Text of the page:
Taliban chief takes charge as militants vow ‘no revenge, respect for women’

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The Taliban’s co-founder and political leader made a triumphant return to Afghanistan on Tuesday as the militants pledged peaceful relations with other countries and respect for the rights of women.

Mullah Abdul Ghani Baradar, who has been widely tipped to be the country’s next president, flew from Qatar to Kandahar — the Taliban’s spiritual birthplace and Afghanistan’s capital when they ruled from 1996 to 2001.

Baradar was in prison in Pakistan from 2010 to 2018, when he was released at the request of the US. He led the Taliban delegation at talks in Doha, and signed the peace agreement with the US in February.

As Baradar’s plane touched down, the US and Western allies resumed evacuation flights for diplomats and civilians from Kabul airport the day after scenes of chaos when Afghans thronged the tarmac.

About a dozen flights left on Tuesday, although French Defense Minister Florence Parly said Taliban roadblocks at the airport were making access difficult.

After taking control of Kabul, the Taliban held a news briefing in the capital on Tuesday in which they sought to allay fears of a return to their previous harsh rule.

“We don’t want any internal or external enemies,” spokesman Zabihullah Mujahid said. Women could work and study, and would be “active in society but within the framework of Islam,” he said.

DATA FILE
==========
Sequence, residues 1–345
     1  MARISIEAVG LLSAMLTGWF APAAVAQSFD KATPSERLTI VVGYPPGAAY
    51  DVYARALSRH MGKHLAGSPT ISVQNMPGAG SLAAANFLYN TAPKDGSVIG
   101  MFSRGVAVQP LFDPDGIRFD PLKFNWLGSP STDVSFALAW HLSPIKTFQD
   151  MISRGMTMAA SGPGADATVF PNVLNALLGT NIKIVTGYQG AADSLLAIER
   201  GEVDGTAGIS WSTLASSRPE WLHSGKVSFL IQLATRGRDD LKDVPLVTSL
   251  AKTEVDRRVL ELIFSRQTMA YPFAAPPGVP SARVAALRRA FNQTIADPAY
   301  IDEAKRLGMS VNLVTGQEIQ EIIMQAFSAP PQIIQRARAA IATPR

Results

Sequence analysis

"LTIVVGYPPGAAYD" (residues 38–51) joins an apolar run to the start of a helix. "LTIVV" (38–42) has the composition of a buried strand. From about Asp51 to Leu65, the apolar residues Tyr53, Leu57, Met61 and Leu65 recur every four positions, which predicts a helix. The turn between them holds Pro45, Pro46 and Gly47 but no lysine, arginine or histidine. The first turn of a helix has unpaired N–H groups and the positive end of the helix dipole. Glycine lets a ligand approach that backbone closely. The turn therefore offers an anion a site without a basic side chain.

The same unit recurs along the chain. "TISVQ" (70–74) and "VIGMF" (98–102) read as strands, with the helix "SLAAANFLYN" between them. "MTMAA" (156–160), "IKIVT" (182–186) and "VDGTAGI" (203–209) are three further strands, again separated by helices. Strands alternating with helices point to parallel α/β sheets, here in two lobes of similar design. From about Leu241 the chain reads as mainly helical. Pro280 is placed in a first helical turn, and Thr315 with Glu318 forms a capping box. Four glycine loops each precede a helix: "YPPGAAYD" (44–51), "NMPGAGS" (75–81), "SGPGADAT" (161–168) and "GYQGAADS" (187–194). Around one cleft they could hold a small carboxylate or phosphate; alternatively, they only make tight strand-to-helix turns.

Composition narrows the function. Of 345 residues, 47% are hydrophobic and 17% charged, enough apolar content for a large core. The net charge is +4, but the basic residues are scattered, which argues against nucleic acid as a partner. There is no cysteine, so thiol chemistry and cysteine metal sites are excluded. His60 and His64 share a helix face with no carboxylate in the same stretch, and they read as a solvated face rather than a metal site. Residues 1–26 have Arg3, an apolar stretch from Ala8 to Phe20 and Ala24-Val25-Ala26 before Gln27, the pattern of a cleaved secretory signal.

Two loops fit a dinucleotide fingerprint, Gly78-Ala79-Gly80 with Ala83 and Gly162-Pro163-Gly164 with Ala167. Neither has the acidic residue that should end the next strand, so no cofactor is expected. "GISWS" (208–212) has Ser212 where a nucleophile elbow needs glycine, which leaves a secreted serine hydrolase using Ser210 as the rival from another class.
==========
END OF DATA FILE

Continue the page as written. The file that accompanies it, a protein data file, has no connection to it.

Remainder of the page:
Mujahid said the Taliban would not seek retribution against former soldiers and members of the Western-backed government, and the movement was granting an amnesty for former Afghan government soldiers, and for contractors and translators who worked for international forces.

“Nobody is going to harm you, nobody is going to knock on your doors,” he said, and there was a “huge difference” between the Taliban now and 20 years ago.

He said private media could continue to be free and independent in Afghanistan, and the Taliban were committed to the media within their cultural framework.

He also said families trying to flee the country at Kabul airport should return home, and no harm would come to them.

After the briefing, UN spokesman Stephane Dujarric said: “We will need to see what actually happens and I think we will need to see acts on the ground in terms of promises kept.”

In Kabul, Taliban officials visited the city’s main Sikh and Hindu temples to pledge protection for religious minorities, and others encouraged female health workers to continue with their jobs.

On the streets of the capital, women ventured outdoors, many without a male guardian or face covering, while shops and markets reopened.

In an upmarket area of the city, as armed Taliban fighters watched from a distance, a group of women held a rally urging the Taliban “not to silence women’s voices.”

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